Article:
While visiting the popular Hawaiian island of Maui I quickly learned that one of the island’s greatest assets is its food. There are many options on Maui, from the super high-end to good, old-fashioned comfort food. Choosing just five favorite dishes was hard, but here they are.
1. Fried Spam Musubi – I love finding hole in the wall restaurants, but I was dubious as I pulled up to a strip mall near the airport on Maui. Based on the aromas that met me as I entered the dining room at , I was glad I had trusted the advice a local resident provided. Hawaii has a unique flavor to its foods, something I call Hawaiian soul food. It’s good, simple cooking made with love and is the ultimate in comfort food. There was one item at Da Kitchen though I hadn’t seen anywhere else, fried spam musubi. Spam is hugely popular on the islands, due to an overabundance of the potted meat during World War II and a few creative cooks. Another fixture of Hawaiian cuisine is Japanese food, so it’s not too surprising I guess that some enterprising soul decided to combine the two. Let me be clear, combining spam with rice and wrapping it in nori isn’t unusual, you can buy it everywhere in Hawaii. What’s different is that at Da Kitchen the concoction is taken to a new level by deep-frying it. I’m a firm believer that anything fried must be good, and that proved true as I bit into the musubi. Although it was definitely strange, it was a delicious start to my stay on Maui.
2. Organic lunch at O’o Farm – In the upcountry farming community of Kula lies eight acres of pristine land called . The property was the brainchild of two restauranteurs who wanted to provide the freshest food possible for their customers in the ultimate farm-table experience. Sampling the food isn’t restricted to those lucky diners though, the farm also gives tours and luncheons for anyone with an interest in learning about organic farming. We walked around the rows of lush produce, our guide picking choice bits for our lunch. Everything from edible flowers to incredibly green lettuce made it into our basket, which was carefully handed over to the chef to create a spectacular, and impossibly fresh, lunch. Sitting under the shade of a giant tree, looking out across the valley to the ends of the island while enjoying an amazing meal isn’t just a great experience; it’s the best way to capture the magic of Maui for yourself.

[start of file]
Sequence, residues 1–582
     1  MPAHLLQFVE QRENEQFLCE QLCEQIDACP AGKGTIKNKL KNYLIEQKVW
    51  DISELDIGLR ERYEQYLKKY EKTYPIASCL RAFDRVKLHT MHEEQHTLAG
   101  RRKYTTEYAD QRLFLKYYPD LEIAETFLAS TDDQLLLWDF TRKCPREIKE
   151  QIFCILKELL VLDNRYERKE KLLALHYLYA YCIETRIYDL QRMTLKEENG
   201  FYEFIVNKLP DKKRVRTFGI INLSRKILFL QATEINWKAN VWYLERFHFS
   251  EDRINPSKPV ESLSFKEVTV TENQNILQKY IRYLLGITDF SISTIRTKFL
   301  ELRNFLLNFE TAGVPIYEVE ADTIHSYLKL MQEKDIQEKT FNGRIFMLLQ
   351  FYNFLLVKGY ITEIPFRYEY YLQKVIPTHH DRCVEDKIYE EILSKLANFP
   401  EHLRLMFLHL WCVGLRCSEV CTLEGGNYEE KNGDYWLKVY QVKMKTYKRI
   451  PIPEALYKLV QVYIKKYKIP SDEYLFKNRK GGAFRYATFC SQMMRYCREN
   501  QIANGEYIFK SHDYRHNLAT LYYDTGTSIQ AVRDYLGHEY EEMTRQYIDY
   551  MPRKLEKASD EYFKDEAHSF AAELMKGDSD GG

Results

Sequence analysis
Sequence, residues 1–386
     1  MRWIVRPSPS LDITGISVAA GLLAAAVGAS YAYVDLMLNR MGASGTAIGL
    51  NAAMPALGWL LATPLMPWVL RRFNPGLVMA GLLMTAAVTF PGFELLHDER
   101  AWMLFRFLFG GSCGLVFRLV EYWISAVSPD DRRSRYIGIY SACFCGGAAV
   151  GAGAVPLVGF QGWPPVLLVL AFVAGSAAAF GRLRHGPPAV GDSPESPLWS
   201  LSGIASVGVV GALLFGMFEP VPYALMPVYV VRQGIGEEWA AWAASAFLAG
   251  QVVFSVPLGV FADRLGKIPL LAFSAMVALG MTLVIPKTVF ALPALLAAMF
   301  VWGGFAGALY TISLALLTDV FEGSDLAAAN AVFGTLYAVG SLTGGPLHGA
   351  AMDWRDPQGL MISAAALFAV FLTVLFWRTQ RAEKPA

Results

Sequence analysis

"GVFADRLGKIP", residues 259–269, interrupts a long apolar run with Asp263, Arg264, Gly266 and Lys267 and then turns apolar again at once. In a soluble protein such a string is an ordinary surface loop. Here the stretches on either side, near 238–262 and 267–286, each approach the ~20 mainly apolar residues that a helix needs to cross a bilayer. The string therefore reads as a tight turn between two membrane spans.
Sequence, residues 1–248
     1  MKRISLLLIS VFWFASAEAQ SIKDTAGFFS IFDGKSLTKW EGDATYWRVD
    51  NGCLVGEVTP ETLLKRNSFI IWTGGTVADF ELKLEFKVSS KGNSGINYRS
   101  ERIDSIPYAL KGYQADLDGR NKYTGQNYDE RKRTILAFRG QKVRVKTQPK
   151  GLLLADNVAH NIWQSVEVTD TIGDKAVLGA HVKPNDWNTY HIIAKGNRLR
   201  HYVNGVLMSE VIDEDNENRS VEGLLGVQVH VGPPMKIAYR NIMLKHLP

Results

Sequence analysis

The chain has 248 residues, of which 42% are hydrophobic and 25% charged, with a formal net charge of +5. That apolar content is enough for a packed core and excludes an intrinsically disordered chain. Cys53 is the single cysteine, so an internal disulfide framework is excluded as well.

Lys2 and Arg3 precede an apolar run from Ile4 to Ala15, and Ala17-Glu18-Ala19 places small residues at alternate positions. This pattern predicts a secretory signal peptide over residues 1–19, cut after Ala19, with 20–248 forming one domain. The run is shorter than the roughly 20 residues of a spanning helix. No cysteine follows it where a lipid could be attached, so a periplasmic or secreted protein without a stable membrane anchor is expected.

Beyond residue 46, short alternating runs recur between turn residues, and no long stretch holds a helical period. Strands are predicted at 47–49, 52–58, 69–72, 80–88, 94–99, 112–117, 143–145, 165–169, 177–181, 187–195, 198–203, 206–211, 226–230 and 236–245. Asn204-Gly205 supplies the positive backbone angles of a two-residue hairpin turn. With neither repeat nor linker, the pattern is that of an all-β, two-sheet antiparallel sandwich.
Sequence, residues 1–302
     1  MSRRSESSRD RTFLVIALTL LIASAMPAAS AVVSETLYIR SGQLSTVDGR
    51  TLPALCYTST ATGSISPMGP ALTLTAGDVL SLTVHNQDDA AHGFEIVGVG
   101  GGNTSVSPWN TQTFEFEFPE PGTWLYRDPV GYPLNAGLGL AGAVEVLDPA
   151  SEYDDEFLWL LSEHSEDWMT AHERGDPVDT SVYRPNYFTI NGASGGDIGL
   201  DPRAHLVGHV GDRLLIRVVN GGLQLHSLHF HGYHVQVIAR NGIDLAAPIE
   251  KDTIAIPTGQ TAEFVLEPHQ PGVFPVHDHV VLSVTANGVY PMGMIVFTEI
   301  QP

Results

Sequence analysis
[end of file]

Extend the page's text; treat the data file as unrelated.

3. Chicken Katsu – Katsu isn’t unique to Maui or even Hawaii, but it’s one of the few places where I can find it and is one of my favorite meals. Originally of Japanese origin, tonakatsu, which refers only to the pork version, is popular throughout Hawaii. It is decidedly simple, but hearty and filling – the classic definition of a family meal. Katsu is made by frying a scaloppini chicken breast or pork cutlet, similar to a schnitzel, and is served with a tonkatsu sauce. Sides almost always found with the katsu include heaping scoops of rice and macaroni salad. Be careful though, portions tend to be large so make sure to skip a meal before enjoying this Hawaiian staple.
4. Amazing breakfasts at Longhi’s – For more than thirty-five years, has been dishing up some of Maui’s most creative dishes from its main location in Lahaina. That’s not where I enjoyed their food though; instead I was a daily visitor to their Wailea location while spending time in this posh part of the island. It’s true that everything on their breakfast menu was delicious but the most unique item was their gigantic cinnamon roll. In my defense, I had no idea it was this large when I ordered it and was shocked when this monster pastry was casually presented one morning. Even though it’s probably very unhealthy, it was delicious and everyone should try it at least once when they stop by Longhi’s for a leisurely breakfast or weekend brunch.
5. Artisanal cheeses from Surfing Goat Dairy – Located near O’o Farm amidst vast fields of sugarcane rests one of only two goat dairies in Hawaii, . Started by two German expats who knew nothing about the cheese business before starting the farm, the dairy has flourished and frequently wins awards and accolades around the world. For the total dairy experience, be sure to take one of the guided tours that takes visitors to meet some of the goats as they munch away on fresh Kikuyu grass followed by a walk through the entire cheese making process. The best part of any visit though is the tasting. Every day the dairy makes available a variety of cheeses for sampling, and after one taste you’ll be hooked. My favorite was Purple Rain made with local Maui lavender.
Have you been to Maui? What was some of your favorite eating experiences?